A recent study has revealed that the general dinosaur genome structure has been uncovered by contrasting genome of birds and genome of turtles. This recent research implied the extrapolation of the possible genome structure of a commonly known ancestor of birds and turtles which existed approximately 260 million years ago, with about 20 million years before the emergence of dinosaurs.
The study was carried out in the work lab of Professor Darren Griffin of the University of Kent’s School of Biosciences and has been issued in the journal Nature Communications.
Becky O’Connor, a postdoctoral senior investigator and co-author of the research article, followed how chromosomes evolved over time since the reptilian ancestor to its modern-day “offsprings”.
The research team uncovered that even though each individual chromosome was reorganizing its genes inwardly, this event did not take place at all between all chromosomes, a fact that researchers called “a significant discovery.”
Birds and turtle genomes show traces of dinosaur genome, indicating that they had a common ancestor
Birds, that are considered the living descendants of the dinosaurs, possess more chromosomes in comparison to the majority of the other species, thus, this would be one reason why the birds present such a diversity.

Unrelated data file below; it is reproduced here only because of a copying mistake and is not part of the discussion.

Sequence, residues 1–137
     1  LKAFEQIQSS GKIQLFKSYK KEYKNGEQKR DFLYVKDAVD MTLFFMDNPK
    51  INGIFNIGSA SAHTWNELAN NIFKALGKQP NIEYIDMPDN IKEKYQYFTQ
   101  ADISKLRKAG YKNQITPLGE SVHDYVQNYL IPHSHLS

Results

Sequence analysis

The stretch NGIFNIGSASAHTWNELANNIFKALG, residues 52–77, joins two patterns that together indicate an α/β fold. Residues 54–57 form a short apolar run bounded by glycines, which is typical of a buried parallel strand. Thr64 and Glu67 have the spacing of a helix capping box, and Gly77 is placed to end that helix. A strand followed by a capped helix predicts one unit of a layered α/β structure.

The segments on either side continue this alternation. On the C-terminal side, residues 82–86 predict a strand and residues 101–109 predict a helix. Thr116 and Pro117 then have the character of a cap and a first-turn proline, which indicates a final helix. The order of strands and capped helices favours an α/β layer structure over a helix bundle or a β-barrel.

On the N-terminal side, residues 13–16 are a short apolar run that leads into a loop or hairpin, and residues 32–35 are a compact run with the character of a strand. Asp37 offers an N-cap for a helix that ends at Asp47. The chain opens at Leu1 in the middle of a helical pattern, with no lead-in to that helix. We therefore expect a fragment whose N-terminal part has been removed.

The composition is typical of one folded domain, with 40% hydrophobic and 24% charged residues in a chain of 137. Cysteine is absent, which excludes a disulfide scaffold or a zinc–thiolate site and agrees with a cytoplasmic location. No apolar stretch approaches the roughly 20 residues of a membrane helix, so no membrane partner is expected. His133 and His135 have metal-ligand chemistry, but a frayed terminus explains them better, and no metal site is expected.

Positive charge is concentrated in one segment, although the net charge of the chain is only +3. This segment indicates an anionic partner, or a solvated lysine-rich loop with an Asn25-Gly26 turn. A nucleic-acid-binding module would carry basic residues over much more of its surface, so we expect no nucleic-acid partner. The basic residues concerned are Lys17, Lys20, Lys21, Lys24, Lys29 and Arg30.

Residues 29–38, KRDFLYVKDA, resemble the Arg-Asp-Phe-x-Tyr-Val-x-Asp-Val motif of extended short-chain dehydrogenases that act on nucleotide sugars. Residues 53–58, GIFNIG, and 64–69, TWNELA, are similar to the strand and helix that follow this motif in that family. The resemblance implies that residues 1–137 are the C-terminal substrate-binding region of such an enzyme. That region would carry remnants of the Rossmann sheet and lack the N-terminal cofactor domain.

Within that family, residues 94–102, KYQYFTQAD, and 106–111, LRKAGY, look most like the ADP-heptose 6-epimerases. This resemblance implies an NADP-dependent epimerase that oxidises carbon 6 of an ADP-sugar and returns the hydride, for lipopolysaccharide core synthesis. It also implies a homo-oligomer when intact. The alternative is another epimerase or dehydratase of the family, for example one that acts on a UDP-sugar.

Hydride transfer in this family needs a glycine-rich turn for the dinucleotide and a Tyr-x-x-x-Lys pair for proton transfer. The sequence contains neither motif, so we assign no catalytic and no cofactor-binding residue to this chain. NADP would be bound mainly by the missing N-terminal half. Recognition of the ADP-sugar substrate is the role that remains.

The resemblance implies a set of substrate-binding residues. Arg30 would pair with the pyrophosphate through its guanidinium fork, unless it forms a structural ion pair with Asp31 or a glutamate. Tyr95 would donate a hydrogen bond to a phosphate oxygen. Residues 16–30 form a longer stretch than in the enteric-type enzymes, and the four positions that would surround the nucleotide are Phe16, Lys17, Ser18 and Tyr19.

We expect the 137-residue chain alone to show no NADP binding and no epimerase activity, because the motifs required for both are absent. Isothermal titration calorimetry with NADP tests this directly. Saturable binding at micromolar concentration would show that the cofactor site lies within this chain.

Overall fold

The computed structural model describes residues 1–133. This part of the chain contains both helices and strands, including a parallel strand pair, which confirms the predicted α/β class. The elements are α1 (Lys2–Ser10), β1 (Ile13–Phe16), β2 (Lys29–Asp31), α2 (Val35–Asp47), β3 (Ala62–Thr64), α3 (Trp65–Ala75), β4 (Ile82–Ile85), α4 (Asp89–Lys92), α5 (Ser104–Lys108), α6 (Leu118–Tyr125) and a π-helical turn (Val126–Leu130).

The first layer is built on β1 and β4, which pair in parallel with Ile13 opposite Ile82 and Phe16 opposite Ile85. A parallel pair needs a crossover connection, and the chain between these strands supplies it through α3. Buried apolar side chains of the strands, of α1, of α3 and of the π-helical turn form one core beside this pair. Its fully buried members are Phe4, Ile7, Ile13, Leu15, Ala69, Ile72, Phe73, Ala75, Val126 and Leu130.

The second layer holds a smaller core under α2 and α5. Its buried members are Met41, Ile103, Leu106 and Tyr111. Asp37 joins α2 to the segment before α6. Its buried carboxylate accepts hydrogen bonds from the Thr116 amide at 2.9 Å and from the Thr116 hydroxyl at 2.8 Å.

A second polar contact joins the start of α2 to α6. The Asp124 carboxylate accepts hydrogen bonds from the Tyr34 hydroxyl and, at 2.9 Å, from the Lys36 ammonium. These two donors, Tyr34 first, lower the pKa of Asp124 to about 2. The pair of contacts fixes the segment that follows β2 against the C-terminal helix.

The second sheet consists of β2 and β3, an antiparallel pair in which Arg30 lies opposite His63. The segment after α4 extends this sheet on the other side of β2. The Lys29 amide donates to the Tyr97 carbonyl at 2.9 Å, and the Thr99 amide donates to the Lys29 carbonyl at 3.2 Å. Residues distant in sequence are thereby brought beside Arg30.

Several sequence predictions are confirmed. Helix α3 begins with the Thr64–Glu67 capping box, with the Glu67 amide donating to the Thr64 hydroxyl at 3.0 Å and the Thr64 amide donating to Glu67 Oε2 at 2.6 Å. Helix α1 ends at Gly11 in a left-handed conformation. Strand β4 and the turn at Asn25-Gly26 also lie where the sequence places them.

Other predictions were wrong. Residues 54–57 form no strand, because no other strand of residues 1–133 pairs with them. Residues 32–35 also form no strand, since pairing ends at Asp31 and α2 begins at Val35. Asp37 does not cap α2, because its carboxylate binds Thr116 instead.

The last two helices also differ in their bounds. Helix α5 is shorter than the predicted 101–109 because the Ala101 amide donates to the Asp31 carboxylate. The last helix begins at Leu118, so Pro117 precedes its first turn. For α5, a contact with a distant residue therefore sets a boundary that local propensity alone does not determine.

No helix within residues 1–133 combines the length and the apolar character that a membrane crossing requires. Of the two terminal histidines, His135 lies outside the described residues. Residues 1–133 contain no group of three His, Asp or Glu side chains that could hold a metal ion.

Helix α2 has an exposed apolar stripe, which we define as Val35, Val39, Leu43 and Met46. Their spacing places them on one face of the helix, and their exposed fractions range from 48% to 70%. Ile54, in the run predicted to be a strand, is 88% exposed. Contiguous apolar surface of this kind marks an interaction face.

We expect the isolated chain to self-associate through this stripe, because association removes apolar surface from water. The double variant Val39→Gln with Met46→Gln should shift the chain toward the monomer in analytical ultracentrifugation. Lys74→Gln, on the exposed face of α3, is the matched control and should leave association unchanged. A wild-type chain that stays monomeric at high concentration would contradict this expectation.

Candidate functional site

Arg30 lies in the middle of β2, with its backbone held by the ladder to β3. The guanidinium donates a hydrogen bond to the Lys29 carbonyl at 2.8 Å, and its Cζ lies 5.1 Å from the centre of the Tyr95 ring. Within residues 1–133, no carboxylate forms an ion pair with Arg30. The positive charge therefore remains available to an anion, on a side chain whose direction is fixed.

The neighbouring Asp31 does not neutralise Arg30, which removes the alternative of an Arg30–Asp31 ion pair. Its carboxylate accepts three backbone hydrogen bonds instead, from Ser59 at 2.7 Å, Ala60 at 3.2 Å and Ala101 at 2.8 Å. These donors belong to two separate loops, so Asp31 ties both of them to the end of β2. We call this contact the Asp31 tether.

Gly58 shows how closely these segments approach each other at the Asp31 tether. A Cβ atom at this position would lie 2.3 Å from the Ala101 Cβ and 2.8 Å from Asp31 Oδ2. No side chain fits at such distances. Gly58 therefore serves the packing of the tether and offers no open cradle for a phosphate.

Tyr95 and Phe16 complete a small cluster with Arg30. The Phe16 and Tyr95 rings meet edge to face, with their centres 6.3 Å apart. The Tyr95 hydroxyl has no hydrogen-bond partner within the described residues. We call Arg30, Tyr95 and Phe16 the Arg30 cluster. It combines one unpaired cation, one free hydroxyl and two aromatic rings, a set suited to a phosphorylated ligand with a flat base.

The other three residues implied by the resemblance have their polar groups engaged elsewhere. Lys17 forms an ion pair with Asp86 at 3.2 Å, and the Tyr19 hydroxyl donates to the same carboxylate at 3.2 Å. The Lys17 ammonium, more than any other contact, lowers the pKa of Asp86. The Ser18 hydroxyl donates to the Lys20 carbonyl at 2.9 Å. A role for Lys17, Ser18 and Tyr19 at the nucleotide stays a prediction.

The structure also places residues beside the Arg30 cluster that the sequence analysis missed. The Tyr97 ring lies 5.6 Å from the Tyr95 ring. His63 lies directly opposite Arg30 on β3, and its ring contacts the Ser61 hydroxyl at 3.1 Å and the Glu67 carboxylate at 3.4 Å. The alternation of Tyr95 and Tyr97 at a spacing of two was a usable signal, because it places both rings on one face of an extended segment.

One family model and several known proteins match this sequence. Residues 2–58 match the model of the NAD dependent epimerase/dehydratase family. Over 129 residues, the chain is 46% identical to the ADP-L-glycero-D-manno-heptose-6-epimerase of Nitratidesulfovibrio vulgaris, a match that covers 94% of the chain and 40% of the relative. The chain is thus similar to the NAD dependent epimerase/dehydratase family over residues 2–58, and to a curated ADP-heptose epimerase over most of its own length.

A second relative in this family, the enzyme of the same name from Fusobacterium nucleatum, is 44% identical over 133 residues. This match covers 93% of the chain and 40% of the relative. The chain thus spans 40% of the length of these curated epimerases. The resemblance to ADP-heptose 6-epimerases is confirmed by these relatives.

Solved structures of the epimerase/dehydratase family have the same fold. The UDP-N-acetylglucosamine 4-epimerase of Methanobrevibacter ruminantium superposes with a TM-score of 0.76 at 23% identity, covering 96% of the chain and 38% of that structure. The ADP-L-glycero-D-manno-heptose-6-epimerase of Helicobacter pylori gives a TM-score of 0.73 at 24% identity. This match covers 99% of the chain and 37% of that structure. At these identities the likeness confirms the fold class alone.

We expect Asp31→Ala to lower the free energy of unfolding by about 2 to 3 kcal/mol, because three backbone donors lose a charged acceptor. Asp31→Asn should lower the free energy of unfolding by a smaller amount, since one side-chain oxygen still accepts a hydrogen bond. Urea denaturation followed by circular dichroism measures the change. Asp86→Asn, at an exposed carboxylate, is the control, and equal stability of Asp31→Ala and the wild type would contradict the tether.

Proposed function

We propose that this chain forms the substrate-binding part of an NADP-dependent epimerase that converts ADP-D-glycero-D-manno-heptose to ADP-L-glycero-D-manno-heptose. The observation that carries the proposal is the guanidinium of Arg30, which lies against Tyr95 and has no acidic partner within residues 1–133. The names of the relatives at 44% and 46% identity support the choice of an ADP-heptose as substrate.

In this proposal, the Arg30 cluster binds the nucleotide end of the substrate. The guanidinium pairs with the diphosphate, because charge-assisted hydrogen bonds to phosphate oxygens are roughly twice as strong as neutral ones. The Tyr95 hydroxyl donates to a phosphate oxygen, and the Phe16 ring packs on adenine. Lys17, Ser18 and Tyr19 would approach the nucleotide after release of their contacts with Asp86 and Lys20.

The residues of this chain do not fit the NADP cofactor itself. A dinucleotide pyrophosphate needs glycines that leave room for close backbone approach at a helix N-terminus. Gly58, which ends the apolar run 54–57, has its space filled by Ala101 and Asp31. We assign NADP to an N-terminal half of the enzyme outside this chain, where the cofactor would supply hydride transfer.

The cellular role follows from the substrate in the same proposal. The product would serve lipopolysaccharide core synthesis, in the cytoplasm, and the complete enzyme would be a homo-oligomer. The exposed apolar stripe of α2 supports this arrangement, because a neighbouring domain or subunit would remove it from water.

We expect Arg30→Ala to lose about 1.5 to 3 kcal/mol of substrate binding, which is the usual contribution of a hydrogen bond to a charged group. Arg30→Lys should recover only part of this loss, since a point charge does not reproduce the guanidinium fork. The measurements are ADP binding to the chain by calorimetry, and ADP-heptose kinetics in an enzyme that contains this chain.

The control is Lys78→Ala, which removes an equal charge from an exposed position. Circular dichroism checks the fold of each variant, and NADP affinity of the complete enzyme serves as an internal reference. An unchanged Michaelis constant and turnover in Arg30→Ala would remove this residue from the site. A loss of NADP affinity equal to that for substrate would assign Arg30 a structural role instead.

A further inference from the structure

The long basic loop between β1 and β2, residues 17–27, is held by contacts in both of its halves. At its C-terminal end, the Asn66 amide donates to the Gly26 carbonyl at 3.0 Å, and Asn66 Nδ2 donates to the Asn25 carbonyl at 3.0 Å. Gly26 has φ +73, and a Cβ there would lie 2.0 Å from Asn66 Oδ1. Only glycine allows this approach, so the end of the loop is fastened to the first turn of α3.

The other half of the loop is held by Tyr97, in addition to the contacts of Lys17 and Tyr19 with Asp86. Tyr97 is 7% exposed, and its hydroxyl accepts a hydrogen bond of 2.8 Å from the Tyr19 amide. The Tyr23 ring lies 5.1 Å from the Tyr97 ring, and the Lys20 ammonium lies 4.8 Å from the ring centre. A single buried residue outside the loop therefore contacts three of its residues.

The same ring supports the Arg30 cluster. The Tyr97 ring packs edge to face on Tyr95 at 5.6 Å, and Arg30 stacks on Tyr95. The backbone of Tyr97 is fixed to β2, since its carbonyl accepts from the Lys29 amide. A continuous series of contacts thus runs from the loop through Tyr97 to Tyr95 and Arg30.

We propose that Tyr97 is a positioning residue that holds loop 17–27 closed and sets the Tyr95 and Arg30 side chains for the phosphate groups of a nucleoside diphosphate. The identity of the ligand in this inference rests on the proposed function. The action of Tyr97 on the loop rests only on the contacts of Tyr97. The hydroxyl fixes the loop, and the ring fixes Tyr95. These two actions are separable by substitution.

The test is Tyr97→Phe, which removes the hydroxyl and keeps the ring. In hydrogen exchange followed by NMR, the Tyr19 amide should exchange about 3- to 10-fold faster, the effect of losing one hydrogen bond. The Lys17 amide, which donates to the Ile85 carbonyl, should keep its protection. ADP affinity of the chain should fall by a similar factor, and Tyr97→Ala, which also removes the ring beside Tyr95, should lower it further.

This study hints that the chromosome structure, the karyotype, found in early and later emergent dinosaurs and theropods is comparable to that of the majority of birds and, again, could contribute to their great diversity. Also, this new breakthrough indicates that if researchers had had the chance to make a chromosome makeover out of a theropod dinosaur, it would have been very close to that of a contemporary ostrich, duck or chicken.
Part of the key components of biotechnology that helped this to be possible was the creation of a collection of fluorescent samples obtained from birds that functioned well within the chromosomes of turtles.
Therefore, the scientists concluded that traces of dinosaur genome are still “living” in birds genome and turtle genome, suggesting that both these modern-day species possessed a common ancestor.